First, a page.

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Theater may use adjacent building

April 18, 2002|BY DAN KULIN /Staff Writer

dank@herald-mail.com

The Maryland Theatre will be able to use the former McBare's Pub building under an agreement between the City of Hagerstown and the Hagerstown/Washington County Industrial Foundation, Mayor William M. Breichner said Wednesday.

The former pub building, which is owned by the city, would house the theater offices, concessions and an expanded lobby, theater Executive Director Patricia Wolford said.

A wall between the existing theater lobby and the former pub building would be knocked down and a door installed to connect the buildings, she said.

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Wolford said she hopes to be using the building at 25, 27 and 29 South Potomac Street by mid-June. The planned improvements will cost about $25,000, she said.

Part of a plan for a more than $20 million Performing and Visual Arts Center calls for demolishing the pub building to make room for an expanded theater lobby and courtyard.

The agreement would let the theater use the former pub building until it is demolished, which probably will be in about three years, Breichner said.

The City Council supported the plan during a closed-door meeting about two weeks ago, Breichner said. The council probably will vote on the plan in May, he said.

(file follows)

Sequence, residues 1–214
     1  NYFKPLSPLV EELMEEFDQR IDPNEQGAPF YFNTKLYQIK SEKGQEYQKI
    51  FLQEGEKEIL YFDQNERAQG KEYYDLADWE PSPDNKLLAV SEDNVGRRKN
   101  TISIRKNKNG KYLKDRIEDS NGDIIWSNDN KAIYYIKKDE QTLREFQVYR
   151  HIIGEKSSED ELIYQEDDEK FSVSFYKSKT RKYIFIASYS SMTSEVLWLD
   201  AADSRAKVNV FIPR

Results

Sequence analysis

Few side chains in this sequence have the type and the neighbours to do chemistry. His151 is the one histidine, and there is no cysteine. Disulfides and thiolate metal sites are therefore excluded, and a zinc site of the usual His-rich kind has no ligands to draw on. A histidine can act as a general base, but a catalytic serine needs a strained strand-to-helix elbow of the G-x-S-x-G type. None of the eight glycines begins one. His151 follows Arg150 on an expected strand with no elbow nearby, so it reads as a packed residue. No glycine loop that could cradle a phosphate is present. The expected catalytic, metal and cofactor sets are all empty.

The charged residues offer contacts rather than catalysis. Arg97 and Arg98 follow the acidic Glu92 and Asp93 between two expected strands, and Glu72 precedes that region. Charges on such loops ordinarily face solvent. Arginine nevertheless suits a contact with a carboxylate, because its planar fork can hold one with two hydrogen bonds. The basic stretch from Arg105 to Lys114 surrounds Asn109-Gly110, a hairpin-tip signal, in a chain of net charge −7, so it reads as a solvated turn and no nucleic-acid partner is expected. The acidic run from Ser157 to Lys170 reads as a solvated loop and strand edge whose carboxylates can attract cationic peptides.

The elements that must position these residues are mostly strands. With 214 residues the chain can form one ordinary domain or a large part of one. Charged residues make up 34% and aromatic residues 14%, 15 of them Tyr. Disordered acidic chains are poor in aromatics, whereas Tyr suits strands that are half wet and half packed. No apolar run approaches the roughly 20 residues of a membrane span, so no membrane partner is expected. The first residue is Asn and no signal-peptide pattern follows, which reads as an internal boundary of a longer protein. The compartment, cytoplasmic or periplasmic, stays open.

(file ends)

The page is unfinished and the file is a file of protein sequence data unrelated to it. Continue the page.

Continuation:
Breichner said the agreement between the city and the industrial foundation, also known as CHIEF, calls for swapping South Potomac Street properties.

CHIEF would give the city the former Double T building, and the city would give CHIEF the former McBare's Pub building.

CHIEF President and CEO Richard Phoebus said CHIEF will let the theater use the former pub building until it's demolished.

As part of the agreement, the city still would be obligated to repay CHIEF any money spent to purchase the former Double T building. The city loaned CHIEF $140,000 and CHIEF spent another $140,000 to purchase that building, Phoebus said.

"Our intention is to hold (the former McBare's Pub building) until it can be used in the Arts and Entertainment plan," Phoebus said.

"Our only purpose is to be a facilitator. We're not going to make any money off this deal," he said.

The city wants the Double T as part of a plan to demolish that building and put a walkway and new parking lot on the property.

By agreeing to the property swap, the city avoids having to forgive the CHIEF loan and pay CHIEF $140,000 for the former Double T building, Breichner said.

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